Home > Uncategorized > Josiah's Decision

Josiah's Decision

NOTE: This column was originally published in Saworship.com.

By Richard Zowie

Without naming names, there have been celebrities and athletes in the news lately who have had various scrapes with the law. Instead of having the courage to take responsibility for their actions, they choose instead to blame their mistakes on various things: a lousy childhood, a traumatic experience, a deprivation of a pleasureful activity for too long, the pressure of fame, and on and on. The list could go on for so long that I’d have to briefly rename this column “My Million Shekels” to try to cover it all.

These arguments are, obviously, ludicrous. I know of a man, a quiet, ultra-unassuming man who grew up in a physically- and emotionally-abusive home. With this type of upbringing, “Phillip” had all the reasons in the world to turn into an abusive parent toward his own children. And yet, all three of Phillip’s kids tell me the same thing: except for some well-deserved spankings, their father never laid a hand on them.

Phillip is a stellar example that, despite the lousy hand of cards life often deals out, we don’t have to sink down to the level of those who mistreated us. He reminds me a lot of King Josiah of Judah in the Old Testament. The story of this king can be found both in II Kings 21-23 and II Chronicles 33-35. Both Josiah’s grandfather Manasseh and father Amon were horribly wicked men. Manasseh repented and reconciled with God at the end of his own life. However, II Kings 21 tells us that Amon (who likely was influenced by his father’s ungodliness) was as evil and was murdered by his own servants.

Josiah became king at eight, inheriting a country where his father had been murdered and where his father’s loyalists had killed — in ostensible retribution — his father’s murderers. Even children of this age can learn quite a bit through what they see and hear, and Josiah had every opportunity to become an ungodly man.

He didn’t. The writer of II Kings, echoing the description of II Chronicles, wrote in 22:2 that Josiah “did that which was right in the sight of the LORD, and walked in all the way of David his father, and turned not aside to the right hand or to the left.” Opportunities to be ungodly abounded in both directions, but Josiah purposed to keep his eyes on God and press forward. Josiah immediately set about living for God and seeking out His will.

The passage says that by the fourth year of his reign, this young king went about ridding Judah of the ungodliness that had plagued the country for years. He tore down the altars honoring false gods, ridded the country of the priests of these gods and forbade the worship of Molech. (People offered sacrifices to this idol by placing their young children into the red-hot arms of the idol; the children burned to death).

In a move that would certainly be politically incorrect by today’s standards, Josiah also tore down the dwellings of sodomites. These dwellings were next to the house of the LORD and must’ve stricken Josiah as especially sacrilegious.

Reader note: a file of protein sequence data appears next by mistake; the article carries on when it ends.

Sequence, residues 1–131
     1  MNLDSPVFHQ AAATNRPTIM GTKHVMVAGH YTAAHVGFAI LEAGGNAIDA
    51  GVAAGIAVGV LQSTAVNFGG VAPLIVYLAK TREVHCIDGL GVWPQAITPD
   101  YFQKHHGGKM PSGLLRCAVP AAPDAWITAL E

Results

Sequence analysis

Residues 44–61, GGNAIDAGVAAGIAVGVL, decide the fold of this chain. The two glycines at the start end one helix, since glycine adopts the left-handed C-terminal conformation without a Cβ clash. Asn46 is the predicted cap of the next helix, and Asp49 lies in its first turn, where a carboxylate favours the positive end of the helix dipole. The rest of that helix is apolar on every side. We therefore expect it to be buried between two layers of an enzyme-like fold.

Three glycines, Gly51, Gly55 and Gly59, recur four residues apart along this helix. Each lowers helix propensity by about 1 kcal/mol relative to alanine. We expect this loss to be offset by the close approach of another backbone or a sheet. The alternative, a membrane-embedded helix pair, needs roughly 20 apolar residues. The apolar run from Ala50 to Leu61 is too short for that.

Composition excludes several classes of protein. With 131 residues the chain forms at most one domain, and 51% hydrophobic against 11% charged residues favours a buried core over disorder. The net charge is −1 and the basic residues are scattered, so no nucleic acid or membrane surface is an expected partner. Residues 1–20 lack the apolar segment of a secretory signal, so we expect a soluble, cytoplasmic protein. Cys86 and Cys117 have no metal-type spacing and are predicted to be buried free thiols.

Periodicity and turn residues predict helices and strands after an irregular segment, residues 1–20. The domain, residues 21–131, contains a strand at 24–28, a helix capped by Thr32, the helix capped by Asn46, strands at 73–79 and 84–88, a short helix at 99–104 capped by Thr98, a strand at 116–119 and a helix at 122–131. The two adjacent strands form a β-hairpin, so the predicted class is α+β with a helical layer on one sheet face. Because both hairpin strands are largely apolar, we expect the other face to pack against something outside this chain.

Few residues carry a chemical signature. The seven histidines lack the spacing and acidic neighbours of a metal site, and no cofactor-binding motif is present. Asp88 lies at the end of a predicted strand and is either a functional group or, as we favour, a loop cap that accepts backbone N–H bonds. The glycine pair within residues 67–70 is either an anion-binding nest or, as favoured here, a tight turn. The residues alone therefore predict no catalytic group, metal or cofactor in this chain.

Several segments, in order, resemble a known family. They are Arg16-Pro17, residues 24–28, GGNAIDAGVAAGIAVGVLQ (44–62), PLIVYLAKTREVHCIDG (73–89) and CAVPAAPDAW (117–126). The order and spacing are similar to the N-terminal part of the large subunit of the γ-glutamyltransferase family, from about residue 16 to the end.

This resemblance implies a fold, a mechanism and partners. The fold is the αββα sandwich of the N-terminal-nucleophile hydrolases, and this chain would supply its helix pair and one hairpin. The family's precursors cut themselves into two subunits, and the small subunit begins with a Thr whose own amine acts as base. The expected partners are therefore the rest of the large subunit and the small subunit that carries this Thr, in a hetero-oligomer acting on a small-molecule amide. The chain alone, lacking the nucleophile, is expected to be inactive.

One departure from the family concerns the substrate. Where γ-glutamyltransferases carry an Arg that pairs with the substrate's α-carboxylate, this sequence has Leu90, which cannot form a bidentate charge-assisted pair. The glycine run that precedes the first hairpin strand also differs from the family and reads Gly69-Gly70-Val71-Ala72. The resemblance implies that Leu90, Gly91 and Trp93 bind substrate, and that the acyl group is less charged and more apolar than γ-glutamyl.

During his reign, Josiah worked to rebuild the temple. During the building process, somebody discovered the Torah. The Torah is the first five books of the Old Testament, and it contains the Mosaic Law in which God gave his commandments and various laws to Israel. The laws were read, and what Josiah heard caused him to rend his garments in anguish. He led his nation in a spiritual revival that included the reinstitution of the Passover. II Kings 23:22 says that there hadn’t been such a Passover like this since the days before Judges, a span of several hundred years.

Josiah’s persistence to be a godly king amazes me. It’s possible that godly priests influenced him to live for the Lord, but Josiah still had the choice to make — live for the Lord or follow in the well-trodden footsteps of evil that his father and grandfather had followed? Despite all the temptations and appeals of sin, Josiah chose to do what was right.

Interestingly, Josiah holds a place of honor in history, ironically, with his ungodly father and grandfather. Matthew 1:10-11 tells us that Josiah was an ancestor of Jesus Christ through his legal father, Joseph.

People are born every day in the world under terrible circumstances. Some are the children of criminals or drug users. Some grow up in single parent homes due to one parent leaving. Some grow up abused while others have parents who live completely godless lifestyles. Josiah shows us that despite the environments we grow up in, we do have a choice and we can make the decision to live for the Lord. We are more than conquerors through Christ!

Categories: Uncategorized Tags: ,
  1. No comments yet.
  1. No trackbacks yet.

Leave a Reply

Fill in your details below or click an icon to log in:

WordPress.com Logo

You are commenting using your WordPress.com account. Log Out /  Change )

Google+ photo

You are commenting using your Google+ account. Log Out /  Change )

Twitter picture

You are commenting using your Twitter account. Log Out /  Change )

Facebook photo

You are commenting using your Facebook account. Log Out /  Change )


Connecting to %s

%d bloggers like this: